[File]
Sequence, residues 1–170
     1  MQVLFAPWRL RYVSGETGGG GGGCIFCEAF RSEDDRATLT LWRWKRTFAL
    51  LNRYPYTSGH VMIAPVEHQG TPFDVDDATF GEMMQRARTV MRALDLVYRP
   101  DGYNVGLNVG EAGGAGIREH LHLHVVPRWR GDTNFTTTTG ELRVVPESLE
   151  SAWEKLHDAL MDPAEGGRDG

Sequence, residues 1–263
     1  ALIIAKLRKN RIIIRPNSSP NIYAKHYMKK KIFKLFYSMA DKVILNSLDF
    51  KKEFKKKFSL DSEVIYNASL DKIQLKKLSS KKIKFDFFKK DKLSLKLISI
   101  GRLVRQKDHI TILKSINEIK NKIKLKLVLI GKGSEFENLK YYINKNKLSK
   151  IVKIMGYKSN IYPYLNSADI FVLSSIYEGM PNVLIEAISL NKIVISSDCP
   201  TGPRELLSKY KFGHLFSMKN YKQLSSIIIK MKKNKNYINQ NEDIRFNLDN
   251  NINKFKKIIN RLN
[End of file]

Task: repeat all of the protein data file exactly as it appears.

Sequence, residues 1–170
     1  MQVLFAPWRL RYVSGETGGG GGGCIFCEAF RSEDDRATLT LWRWKRTFAL
    51  LNRYPYTSGH VMIAPVEHQG TPFDVDDATF GEMMQRARTV MRALDLVYRP
   101  DGYNVGLNVG EAGGAGIREH LHLHVVPRWR GDTNFTTTTG ELRVVPESLE
   151  SAWEKLHDAL MDPAEGGRDG

Sequence, residues 1–263
     1  ALIIAKLRKN RIIIRPNSSP NIYAKHYMKK KIFKLFYSMA DKVILNSLDF
    51  KKEFKKKFSL DSEVIYNASL DKIQLKKLSS KKIKFDFFKK DKLSLKLISI
   101  GRLVRQKDHI TILKSINEIK NKIKLKLVLI GKGSEFENLK YYINKNKLSK
   151  IVKIMGYKSN IYPYLNSADI FVLSSIYEGM PNVLIEAISL NKIVISSDCP
   201  TGPRELLSKY KFGHLFSMKN YKQLSSIIIK MKKNKNYINQ NEDIRFNLDN
   251  NINKFKKIIN RLN